Redevelopment and Urban Infill are key components to green design. By definition, redevelopment means to restore (communities for example) to a better condition. Urban infill, or infill redevelopment, is the economic use of vacant or functionally-obsolete land, or facilities or infrastructure, in already urbanized areas where water, sewer, and other public services are in place that enhances the continuity of the original community fabric.
Redevelopment is a cornerstone for Grady Pridgen projects. This is redevelopment that is transit oriented, urban infill, mixed use, and within existing employment centers. Enhancing something old, dilapidated or barren and giving it new life has tremendous community and environmental appeal. Tapping into existing infrastructure and revitalizing existing infrastructure investment more efficiently uses and directs community resources.
Unfortunately, some government rules actually discourage urban infill redevelopment and instead, provide incentives to build far out of the employment centers in green field areas. These rules promote suburban sprawl, long commutes and pollution. The rules were written for rural communities. New rules need to be implemented to promote transit oriented, urban infill, mixed use redevelopment in or near the employment centers. We have to get employees living near their work in large quantities in order to make mass transit work so we can get people out of their cars.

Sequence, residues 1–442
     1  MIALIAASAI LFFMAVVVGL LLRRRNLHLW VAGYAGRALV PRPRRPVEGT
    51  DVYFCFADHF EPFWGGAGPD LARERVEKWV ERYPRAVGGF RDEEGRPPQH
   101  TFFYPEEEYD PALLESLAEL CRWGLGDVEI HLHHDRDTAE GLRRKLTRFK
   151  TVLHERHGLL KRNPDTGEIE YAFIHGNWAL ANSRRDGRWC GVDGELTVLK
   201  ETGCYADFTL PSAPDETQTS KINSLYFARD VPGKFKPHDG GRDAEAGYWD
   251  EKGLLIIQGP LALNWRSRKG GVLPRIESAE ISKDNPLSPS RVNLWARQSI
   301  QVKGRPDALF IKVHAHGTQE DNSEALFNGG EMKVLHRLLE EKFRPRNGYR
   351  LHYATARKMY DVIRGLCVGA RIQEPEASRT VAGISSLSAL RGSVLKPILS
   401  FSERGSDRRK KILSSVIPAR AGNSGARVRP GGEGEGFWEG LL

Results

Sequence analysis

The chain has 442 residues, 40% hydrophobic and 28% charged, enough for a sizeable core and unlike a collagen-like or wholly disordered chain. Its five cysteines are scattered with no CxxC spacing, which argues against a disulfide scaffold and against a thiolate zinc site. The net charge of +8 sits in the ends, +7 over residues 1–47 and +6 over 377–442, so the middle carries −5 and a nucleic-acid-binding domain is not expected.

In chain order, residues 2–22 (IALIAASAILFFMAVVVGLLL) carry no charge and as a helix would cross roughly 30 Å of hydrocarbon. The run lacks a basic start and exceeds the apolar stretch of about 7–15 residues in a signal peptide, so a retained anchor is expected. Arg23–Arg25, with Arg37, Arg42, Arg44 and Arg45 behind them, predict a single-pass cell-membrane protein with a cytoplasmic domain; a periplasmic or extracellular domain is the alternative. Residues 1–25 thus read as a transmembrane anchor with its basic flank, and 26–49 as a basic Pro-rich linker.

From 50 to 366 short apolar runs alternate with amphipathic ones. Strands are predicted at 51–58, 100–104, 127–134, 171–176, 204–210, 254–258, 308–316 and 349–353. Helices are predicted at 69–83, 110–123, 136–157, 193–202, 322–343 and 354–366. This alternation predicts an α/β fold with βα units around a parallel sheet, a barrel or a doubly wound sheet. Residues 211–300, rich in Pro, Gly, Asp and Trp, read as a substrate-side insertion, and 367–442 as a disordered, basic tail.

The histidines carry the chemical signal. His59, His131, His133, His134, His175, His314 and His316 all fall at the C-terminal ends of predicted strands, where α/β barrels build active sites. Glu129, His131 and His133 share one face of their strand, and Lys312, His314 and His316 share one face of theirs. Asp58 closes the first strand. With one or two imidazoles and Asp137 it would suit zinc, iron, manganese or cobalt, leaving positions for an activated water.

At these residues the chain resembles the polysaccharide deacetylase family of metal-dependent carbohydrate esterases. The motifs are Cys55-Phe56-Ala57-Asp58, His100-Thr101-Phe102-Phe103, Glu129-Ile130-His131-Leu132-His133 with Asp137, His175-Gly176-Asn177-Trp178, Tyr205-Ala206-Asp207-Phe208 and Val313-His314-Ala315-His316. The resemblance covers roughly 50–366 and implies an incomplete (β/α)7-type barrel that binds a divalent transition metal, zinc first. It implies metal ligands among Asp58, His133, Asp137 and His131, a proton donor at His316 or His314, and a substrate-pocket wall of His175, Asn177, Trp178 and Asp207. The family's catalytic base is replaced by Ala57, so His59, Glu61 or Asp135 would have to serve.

There is a common misconception that because urban infill and redevelopment cause density, it makes them a bad thing. The word density carries with it a negative connotation, when in actuality, smart growth is dense and green.